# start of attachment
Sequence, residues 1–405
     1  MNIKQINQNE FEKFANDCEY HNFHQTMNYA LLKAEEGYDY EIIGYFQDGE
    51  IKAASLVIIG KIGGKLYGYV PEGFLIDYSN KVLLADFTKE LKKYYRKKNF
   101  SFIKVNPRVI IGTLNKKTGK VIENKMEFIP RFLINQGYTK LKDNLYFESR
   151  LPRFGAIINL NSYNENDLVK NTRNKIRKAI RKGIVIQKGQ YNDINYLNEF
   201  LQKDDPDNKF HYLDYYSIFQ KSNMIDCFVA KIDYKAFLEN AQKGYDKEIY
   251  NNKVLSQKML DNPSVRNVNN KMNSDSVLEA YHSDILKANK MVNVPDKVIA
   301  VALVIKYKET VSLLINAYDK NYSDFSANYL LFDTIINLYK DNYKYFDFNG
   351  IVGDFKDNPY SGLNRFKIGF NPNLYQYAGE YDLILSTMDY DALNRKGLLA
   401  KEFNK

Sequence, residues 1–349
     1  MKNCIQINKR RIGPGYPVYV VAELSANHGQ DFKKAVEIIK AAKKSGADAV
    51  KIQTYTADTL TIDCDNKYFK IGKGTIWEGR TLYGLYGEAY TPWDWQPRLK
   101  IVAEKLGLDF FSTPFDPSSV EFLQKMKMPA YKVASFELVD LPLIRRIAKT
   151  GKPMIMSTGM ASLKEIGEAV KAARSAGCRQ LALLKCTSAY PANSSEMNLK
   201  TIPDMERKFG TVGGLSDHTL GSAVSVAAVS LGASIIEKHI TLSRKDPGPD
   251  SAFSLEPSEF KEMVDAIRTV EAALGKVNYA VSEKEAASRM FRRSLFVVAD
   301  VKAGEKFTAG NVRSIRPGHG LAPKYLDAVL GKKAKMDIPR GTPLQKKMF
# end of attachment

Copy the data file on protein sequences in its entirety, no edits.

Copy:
Sequence, residues 1–405
     1  MNIKQINQNE FEKFANDCEY HNFHQTMNYA LLKAEEGYDY EIIGYFQDGE
    51  IKAASLVIIG KIGGKLYGYV PEGFLIDYSN KVLLADFTKE LKKYYRKKNF
   101  SFIKVNPRVI IGTLNKKTGK VIENKMEFIP RFLINQGYTK LKDNLYFESR
   151  LPRFGAIINL NSYNENDLVK NTRNKIRKAI RKGIVIQKGQ YNDINYLNEF
   201  LQKDDPDNKF HYLDYYSIFQ KSNMIDCFVA KIDYKAFLEN AQKGYDKEIY
   251  NNKVLSQKML DNPSVRNVNN KMNSDSVLEA YHSDILKANK MVNVPDKVIA
   301  VALVIKYKET VSLLINAYDK NYSDFSANYL LFDTIINLYK DNYKYFDFNG
   351  IVGDFKDNPY SGLNRFKIGF NPNLYQYAGE YDLILSTMDY DALNRKGLLA
   401  KEFNK

Sequence, residues 1–349
     1  MKNCIQINKR RIGPGYPVYV VAELSANHGQ DFKKAVEIIK AAKKSGADAV
    51  KIQTYTADTL TIDCDNKYFK IGKGTIWEGR TLYGLYGEAY TPWDWQPRLK
   101  IVAEKLGLDF FSTPFDPSSV EFLQKMKMPA YKVASFELVD LPLIRRIAKT
   151  GKPMIMSTGM ASLKEIGEAV KAARSAGCRQ LALLKCTSAY PANSSEMNLK
   201  TIPDMERKFG TVGGLSDHTL GSAVSVAAVS LGASIIEKHI TLSRKDPGPD
   251  SAFSLEPSEF KEMVDAIRTV EAALGKVNYA VSEKEAASRM FRRSLFVVAD
   301  VKAGEKFTAG NVRSIRPGHG LAPKYLDAVL GKKAKMDIPR GTPLQKKMF